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do not like them in Elegy. But after all, I admire your translation so extremely, that I cannot help repeating I long to shew you some little errors you are fallen into by following Broukhusius. * * * Were I with you now, and Propertius with your verses lay upon the table between us, I could discuss this point in a moment; but there is nothing so tiresome as spinning out a criticism in a letter; doubts arise, and explanations follow, till there swells out at least a volume of undigested observations: and all because you are not with him whom you want to convince. Read only the letters between Pope and Cromwell in proof of this; they dispute without end. 'Are you aware now that I have an interest all this while in banishing criticism from our correspondence ? Indeed I have; for I am going to write down a little Ode (if it deserves the name) for your perusal, which I am afraid will hardly stand that test. Nevertheless I leave you at your full liberty; so here it follows.
Dear Gray, that always in my heart
Come, fairest Nymph, resume thy reign!
I have omitted here a paragraph or two, in which different lines of the Elegy were quoted, because I had previously omitted the translation of it.
With balmy breath, and flowery tread,
Awake, in all thy glories drest,
See! all her works demand thy aid;
Come then, with Pleasure at thy side,
MR. GRAY TO MR. WEST.
London, May 8, 1742. I REJOICE to see you putting up your prayers to the May: she cannot choose but come at such a call. It is as light and genteel as herself. You bid me find fault; I am afraid I cannot; however I will try. The first stanza (if what you say to me in it did not make me think it the best)
I should call the worst of the five (except the fourth line.) The two next are very picturesque, Miltonic, and musical; her bed is so soft and so snug that I long to lie with her. But those two lines, “Great Nature,” are my favourites. The exclamation of the flowers is a little step too far. The last stanza is full as good as the second and third; the last line bold, but I think not too bold. Now, as to myself and my translation, pray do not call names. I never saw Broukhusius in my life. It is Scaliger who attempted to range Propertius in order; who was, and still is, in sad condition t ***. You see, by what I sent you, that I converse, as usual, with none but the dead; they are my old friends, and almost make me long to be with them. You will not wonder therefore, that I, who live only in times past, am able to tell you no news of the present. I have finished the Peloponnesian War much to my honour, and a tight conflict it was, I promise you. I have drank and sung with Anacreon for the last fortnight, and am now feeding sheep with Theocritus. Besides, to quit, my figure, (because it is foolish) I have run over Pliny's Epistles and Martial ék mapépyov; not to mention Petrarch, who, by the way, is sometimes very tender and natural. I must needs tell you three lines in Anacreon, where the expression seems to me inimitable. He is describing hair as he would have it painted.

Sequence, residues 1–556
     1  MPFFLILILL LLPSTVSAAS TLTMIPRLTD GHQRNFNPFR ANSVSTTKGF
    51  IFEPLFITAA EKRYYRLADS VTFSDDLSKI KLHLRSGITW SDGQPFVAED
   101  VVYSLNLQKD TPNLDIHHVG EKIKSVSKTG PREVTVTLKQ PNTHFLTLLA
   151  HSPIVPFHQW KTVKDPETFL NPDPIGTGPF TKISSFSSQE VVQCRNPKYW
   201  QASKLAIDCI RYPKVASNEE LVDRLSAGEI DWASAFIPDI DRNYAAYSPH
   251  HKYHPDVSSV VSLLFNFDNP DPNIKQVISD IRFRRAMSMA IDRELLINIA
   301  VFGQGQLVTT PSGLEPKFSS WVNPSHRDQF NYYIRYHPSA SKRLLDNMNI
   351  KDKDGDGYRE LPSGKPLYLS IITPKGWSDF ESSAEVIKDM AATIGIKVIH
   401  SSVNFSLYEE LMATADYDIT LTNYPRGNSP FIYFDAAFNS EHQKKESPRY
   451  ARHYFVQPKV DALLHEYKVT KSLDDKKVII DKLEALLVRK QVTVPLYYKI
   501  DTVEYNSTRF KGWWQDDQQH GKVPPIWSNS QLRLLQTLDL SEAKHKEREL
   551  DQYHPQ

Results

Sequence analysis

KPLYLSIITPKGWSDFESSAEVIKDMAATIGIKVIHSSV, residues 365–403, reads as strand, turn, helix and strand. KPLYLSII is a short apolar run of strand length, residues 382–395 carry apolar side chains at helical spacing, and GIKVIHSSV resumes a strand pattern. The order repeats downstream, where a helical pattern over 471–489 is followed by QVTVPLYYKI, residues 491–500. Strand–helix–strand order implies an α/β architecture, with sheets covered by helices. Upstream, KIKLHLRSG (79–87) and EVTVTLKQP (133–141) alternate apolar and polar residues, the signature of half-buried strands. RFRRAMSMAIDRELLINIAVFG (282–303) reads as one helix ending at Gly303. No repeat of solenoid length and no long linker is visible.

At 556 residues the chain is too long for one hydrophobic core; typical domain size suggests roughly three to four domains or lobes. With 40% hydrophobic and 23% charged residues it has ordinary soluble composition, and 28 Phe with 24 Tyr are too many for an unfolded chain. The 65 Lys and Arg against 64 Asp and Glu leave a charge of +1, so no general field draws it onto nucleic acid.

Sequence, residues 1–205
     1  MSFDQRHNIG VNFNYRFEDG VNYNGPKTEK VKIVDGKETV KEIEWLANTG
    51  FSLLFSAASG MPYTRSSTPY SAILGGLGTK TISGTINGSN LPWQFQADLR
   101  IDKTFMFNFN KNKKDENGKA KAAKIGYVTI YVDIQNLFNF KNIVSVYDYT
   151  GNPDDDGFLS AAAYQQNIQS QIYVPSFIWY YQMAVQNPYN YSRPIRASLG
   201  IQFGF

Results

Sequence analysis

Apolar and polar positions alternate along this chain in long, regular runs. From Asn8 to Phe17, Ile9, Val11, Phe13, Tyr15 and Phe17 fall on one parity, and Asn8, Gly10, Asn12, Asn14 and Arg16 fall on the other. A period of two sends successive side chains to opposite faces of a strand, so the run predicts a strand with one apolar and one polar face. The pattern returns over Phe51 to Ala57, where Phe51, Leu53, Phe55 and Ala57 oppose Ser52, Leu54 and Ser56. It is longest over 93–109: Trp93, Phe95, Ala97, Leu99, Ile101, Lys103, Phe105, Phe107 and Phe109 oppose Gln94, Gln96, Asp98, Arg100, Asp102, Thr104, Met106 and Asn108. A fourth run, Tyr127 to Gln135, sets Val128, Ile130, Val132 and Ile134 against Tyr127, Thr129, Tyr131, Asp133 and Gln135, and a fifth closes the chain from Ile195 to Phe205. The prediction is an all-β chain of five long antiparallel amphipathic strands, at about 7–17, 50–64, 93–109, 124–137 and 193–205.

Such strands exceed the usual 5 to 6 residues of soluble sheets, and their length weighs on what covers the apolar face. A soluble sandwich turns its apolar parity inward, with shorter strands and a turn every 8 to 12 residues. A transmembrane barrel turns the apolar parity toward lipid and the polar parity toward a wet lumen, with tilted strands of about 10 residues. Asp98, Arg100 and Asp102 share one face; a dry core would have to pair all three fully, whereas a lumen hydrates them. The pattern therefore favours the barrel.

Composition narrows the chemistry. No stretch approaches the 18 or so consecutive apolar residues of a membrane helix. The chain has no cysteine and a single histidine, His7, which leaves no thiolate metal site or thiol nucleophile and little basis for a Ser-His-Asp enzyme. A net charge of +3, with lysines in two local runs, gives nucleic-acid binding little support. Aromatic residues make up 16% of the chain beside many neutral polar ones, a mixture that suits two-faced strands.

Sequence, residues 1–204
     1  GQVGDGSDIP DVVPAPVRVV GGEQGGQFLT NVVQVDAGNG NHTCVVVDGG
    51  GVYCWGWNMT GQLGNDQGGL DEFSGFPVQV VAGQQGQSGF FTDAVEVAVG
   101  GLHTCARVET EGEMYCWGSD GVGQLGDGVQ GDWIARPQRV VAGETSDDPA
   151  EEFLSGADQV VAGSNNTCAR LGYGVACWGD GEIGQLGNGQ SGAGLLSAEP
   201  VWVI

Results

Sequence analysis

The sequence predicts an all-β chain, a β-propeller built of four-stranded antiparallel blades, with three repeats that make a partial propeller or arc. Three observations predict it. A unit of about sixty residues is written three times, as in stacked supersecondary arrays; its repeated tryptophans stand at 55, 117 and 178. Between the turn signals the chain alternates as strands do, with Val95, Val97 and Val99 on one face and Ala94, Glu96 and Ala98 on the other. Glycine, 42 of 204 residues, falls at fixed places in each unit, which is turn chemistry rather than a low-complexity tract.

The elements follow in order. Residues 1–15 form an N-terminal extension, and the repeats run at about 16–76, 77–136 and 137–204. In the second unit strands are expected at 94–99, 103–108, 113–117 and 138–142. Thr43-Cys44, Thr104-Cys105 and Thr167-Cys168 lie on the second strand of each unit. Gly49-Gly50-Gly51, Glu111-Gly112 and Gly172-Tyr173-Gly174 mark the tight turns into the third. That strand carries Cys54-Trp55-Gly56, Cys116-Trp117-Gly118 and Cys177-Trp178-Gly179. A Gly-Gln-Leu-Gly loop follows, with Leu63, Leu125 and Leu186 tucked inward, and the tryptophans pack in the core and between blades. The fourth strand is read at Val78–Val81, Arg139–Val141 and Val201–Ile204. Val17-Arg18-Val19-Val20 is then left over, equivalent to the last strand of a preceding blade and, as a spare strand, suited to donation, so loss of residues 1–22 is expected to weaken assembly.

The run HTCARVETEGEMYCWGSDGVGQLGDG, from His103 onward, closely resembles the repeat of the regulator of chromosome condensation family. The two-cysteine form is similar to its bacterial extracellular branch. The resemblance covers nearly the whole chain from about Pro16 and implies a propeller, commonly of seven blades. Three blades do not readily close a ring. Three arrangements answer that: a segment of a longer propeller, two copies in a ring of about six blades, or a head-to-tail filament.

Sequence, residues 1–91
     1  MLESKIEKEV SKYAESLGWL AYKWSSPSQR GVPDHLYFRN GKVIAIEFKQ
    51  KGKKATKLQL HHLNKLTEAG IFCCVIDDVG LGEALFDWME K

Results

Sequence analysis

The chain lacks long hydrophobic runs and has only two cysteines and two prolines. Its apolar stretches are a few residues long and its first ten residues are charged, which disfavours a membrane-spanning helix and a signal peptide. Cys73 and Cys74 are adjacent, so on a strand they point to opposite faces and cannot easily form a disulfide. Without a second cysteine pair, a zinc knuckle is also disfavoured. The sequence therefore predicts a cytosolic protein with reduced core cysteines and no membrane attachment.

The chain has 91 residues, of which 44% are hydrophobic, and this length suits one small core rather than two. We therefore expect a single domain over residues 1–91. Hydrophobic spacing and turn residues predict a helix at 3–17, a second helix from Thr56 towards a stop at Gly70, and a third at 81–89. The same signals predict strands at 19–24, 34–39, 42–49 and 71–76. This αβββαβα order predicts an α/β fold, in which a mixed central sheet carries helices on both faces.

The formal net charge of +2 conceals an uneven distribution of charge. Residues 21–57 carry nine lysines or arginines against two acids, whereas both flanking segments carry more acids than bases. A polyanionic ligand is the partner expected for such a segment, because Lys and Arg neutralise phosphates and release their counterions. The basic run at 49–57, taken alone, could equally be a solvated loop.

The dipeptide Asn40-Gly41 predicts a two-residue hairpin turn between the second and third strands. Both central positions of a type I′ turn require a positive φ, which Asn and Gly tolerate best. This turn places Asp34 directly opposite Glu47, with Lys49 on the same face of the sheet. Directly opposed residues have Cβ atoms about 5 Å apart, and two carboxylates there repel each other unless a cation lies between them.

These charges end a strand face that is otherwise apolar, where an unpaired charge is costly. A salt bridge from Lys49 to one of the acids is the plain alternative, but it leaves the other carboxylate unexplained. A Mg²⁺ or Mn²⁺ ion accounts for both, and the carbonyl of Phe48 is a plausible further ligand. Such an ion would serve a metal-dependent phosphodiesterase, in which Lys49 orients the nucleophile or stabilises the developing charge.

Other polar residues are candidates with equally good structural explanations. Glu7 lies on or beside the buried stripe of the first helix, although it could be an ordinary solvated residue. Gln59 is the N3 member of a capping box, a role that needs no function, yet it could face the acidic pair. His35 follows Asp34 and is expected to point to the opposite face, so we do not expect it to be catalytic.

"Έλικας δ ελευθέρους μου
Πλοκάμων άτακτα συνθείς "Apec wc Oflovol kełobai.
+ Here some criticism on the Elegy is omitted for a former reason.
Guess, too, where this is about a dimple.
Sigilla in mento impressa Amoris digitulo
MR. WEST TO MR. GRAY.
Popes, May 11, 1742. Your fragment is in Aulus Gellius; and both it and your Greek delicious. But why are you thus melancholy? I am so sorry for it, that you see I cannot forbear writing again the very first opportunity; though I have little to say except to expostulate with you about it. I find you converse much with the dead, and I do not blame you for that; I converse with them too, though not indeed with the Greek. But I must condemn you for your longing to be with them. What, are there no joys among the living? I could almost cry out with Catullus, “ Alphene immemor, atque unanimis false sodalibus !" But to turn an accusation thus upon another, is ungenerous; so I will take my leave of you for the present with a “ Vale et vive paulisper cum vivis.”
MR. GRAY TO MR. WEST.
London, May 27, 1742. Mine, you are to know, is a white melancholy, or rather leucocholy for the most part; which though it seldom laughs or dances, nor ever amounts to what one calls joy or pleasure, yet is a good easy sort of a state, and ça ne laisse que de s'amuser. The only fault of it is insipidity; which is apt now and then to give a sort of ennui, which makes one form certain little wishes that signify nothing. But there is another sort, black indeed, which I have now and then felt, that has somewhat in it like Tertullian's rule of faith, Credo quia impossibile est ; for it believes, nay, is sure of every thing that is unlikely, so it be but frightful; and, on the other hand, excludes and shuts its eyes to the most possible hopes, and every thing that is pleasurable; from this the Lord deliver us! for none but he and sunshiny weather can do it. In hopes of enjoying this kind of weather, I am going into the country for a few weeks, but shall be never the nearer any society; so, if you have any charity, you will continue to write. My life is like Harry the Fourth's supper of hens. “Poulets a la broche, poulets en ragôut, poulets en hâchis, poulets en fricasées." Reading here, reading there; nothing but books with different sauces. Do not let me lose my dessert then; for though that be reading too, yet it has a very different flavour. The May seems to be come since your invitation; and I pro